It’s a hotly debated topic – should we drink alcohol in front of children? I gave up drinking alcohol two days after my son was born. I went out for a huge night with my mate’s the day after he was born to ‘wet the baby’s head’ as is custom in Australia. The following day I woke up with one of the worst hangover’s imaginable and thought to myself, “enough’s enough”.
That was in 2010 and I haven’t touched a drop since. For me, giving up the drink was one of the best decisions I’ve ever made. There are plenty of benefits that I’ve felt as a result, but in terms of Jack it means I don’t waste any time hungover feeling sorry for myself on the couch, and I’m never too tired to play with him because of alcohol. But does the fact I’ve given up alcohol set a good example for him?
Is it ok to drink alcohol in front of children?
The reality is the answer is yes and no. As a parent, our behaviour has an enormous influence over the way our children will grow up and act as adults, particularly during their impressionable teenage years. Kids copy their parents whether you like it or not, so it stands to reason they will also copy their attitudes to alcohol. Research shows that drinking responsibly in front of your children will model the appropriate behaviour for them, and they are more likely to grow up to drink in moderation as well.
However, there are always exceptions to the rule. My mother hardly ever drank as I was growing up (I didn’t live with my dad), yet I grew up to enjoy a beer or 15 with my mates nearly every weekend during my twenties! Absolute madness upon reflection…
What can you do to teach your children to respect alcohol?
- Talk to them – Open and honest discussion is the best way to teach your children anything, so talk to them about alcohol and its affects. Tell them what happens to their bodies if they binge drink, how to go out and have fun without drinking, and how to drink responsibly. Explain that different types of alcohol have different strengths, and too much can have disastrous consequences. Better to find out from you than experimenting in a park somewhere with their equally inexperienced friends.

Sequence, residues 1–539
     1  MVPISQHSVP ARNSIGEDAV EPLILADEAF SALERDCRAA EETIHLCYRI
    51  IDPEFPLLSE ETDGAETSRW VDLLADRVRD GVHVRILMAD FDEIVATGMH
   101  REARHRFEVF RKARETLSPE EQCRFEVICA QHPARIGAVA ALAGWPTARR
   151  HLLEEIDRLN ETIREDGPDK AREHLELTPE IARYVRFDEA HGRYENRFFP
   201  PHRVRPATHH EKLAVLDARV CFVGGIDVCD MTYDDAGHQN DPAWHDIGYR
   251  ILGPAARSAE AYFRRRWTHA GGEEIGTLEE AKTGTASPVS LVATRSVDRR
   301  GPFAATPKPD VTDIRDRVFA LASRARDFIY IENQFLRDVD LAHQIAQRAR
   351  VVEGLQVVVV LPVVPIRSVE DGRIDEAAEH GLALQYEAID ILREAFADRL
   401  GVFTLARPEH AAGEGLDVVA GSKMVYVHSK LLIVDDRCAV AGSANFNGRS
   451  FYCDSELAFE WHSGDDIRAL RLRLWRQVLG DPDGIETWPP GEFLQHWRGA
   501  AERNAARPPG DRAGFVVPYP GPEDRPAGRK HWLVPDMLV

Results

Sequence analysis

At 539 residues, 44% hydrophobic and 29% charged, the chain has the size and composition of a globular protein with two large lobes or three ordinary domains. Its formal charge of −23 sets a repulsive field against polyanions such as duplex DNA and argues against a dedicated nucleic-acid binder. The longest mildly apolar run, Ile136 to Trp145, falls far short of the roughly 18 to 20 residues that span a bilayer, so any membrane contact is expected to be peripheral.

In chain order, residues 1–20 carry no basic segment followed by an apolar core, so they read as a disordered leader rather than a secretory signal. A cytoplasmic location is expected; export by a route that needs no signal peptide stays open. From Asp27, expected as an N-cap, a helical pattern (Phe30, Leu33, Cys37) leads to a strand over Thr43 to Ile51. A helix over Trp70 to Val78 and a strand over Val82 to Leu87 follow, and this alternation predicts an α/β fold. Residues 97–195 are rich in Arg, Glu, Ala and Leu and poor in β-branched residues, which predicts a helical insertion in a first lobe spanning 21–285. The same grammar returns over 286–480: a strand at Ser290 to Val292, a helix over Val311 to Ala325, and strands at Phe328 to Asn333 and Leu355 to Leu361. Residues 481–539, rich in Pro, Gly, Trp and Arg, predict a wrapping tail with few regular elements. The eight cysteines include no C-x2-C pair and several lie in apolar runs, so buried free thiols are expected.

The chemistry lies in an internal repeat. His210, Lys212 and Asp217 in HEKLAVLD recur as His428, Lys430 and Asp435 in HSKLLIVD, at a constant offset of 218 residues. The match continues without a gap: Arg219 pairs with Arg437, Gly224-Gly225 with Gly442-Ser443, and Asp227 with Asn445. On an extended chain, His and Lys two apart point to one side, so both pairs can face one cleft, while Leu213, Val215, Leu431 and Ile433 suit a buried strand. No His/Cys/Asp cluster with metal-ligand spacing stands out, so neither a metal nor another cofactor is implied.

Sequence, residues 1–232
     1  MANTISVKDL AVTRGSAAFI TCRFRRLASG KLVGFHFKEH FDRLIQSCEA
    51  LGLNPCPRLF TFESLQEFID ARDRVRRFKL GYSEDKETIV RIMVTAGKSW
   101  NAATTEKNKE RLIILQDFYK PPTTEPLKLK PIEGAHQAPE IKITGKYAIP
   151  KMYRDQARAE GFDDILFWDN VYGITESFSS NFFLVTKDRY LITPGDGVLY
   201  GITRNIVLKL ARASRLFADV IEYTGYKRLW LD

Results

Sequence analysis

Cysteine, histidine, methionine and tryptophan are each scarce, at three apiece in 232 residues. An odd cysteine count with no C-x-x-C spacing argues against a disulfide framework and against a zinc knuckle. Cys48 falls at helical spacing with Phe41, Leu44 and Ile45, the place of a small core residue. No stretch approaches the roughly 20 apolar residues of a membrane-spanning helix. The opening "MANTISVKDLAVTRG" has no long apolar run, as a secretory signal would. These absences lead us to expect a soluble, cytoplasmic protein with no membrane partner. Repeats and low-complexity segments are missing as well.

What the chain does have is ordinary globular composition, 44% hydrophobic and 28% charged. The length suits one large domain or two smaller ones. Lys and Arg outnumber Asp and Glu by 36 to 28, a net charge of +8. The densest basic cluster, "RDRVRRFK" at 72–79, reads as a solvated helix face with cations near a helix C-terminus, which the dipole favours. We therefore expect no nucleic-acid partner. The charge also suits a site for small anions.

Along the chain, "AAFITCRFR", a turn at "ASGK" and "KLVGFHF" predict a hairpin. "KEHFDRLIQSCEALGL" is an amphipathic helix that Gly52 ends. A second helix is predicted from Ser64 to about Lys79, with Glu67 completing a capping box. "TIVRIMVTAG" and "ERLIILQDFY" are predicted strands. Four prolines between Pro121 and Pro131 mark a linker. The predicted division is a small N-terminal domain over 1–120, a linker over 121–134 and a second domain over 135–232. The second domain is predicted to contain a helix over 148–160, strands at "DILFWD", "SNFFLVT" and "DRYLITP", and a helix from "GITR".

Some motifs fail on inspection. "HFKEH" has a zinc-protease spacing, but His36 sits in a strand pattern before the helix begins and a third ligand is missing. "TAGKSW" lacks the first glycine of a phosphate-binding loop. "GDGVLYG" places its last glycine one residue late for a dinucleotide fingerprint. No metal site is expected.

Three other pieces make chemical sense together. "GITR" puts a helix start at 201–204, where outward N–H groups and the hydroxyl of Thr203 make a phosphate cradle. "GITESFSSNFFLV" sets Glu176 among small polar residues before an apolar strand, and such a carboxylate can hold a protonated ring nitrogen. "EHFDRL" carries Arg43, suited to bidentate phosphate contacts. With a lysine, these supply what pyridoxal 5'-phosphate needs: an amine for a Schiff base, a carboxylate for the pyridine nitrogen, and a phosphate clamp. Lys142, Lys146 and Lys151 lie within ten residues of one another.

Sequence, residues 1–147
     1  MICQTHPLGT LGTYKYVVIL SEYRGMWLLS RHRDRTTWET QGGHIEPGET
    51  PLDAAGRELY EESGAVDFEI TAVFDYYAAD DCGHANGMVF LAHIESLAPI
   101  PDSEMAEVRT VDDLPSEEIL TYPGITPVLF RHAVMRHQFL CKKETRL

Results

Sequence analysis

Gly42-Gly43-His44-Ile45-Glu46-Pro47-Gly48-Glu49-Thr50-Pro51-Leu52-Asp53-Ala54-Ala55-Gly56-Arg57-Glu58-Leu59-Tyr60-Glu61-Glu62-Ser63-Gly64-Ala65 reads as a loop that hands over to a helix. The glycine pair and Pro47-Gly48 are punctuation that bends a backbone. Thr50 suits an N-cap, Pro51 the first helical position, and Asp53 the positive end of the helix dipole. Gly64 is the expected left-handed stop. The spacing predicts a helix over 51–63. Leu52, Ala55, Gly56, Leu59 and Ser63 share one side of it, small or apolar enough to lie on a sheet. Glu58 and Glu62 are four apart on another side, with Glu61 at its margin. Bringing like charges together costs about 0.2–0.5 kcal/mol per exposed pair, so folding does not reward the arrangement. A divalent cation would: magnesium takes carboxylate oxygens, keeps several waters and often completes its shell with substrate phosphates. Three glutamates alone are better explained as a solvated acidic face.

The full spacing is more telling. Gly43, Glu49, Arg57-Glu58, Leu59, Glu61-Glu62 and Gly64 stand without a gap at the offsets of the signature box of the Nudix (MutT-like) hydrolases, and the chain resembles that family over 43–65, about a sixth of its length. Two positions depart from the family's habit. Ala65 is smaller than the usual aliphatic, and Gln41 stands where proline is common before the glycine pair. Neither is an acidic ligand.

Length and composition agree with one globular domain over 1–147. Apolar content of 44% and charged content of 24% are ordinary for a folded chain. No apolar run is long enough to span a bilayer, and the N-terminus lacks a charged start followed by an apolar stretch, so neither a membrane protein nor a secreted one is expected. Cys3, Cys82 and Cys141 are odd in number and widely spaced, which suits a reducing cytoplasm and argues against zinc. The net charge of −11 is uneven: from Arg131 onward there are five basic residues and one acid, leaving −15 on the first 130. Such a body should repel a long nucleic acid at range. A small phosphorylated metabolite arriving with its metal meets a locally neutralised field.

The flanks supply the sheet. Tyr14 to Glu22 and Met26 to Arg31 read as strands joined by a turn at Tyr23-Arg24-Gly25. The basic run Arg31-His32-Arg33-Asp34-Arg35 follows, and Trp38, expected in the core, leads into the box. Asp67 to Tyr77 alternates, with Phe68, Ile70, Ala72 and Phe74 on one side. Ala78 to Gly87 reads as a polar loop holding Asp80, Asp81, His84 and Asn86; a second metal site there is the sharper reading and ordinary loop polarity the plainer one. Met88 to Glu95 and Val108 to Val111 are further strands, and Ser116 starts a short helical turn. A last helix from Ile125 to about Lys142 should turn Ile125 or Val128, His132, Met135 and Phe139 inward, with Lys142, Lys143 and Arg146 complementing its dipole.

- Be a responsible drinker in the home – Show them through your actions that drinking in moderation, according to the Australian guidelines, is the best way to enjoy alcohol without going overboard.
- Be a responsible parent – It’s ok to drink at home, and at the same time tell your kids they can’t. Apart from the fact it’s illegal, growing bodies can do without the dangerous affects alcohol can have on them. Set the ground rules for drinking at home, with the number one being ‘if you’re not 18, you’re not drinking’.
- Be honest with your kids – If you’ve got a hangover, don’t pretend that you don’t or try and hide it if your kids call you out on it. Own it, explain that it’s what happens when you drink to much, and it’s how they will feel if they drink too much. After all, if an experienced drinking adult can feel this way after a few too many drinks, imagine the consequences for a young inexperienced drinker if they have too many.
Which way should you go – to drink or not to drink?
It’s fair to say the decision to drink alcohol in front of children is totally up to you. If a non-drinker tells you you’re doing the wrong thing because you enjoy a responsible drink in front of your kids, just tell them to “speak to the hand because the face ain’t listening”! If you don’t drink in front of your children, or if you drink responsibly, you’re both equally right.
However, I think it’s fair to say that getting hammered while the kids are around is irresponsible parenting. In my opinion getting hammered regardless is pretty crazy for all sorts of reasons, but once you model that behaviour to kids, then you might want to have a good think about the kind of adults you want your children to become.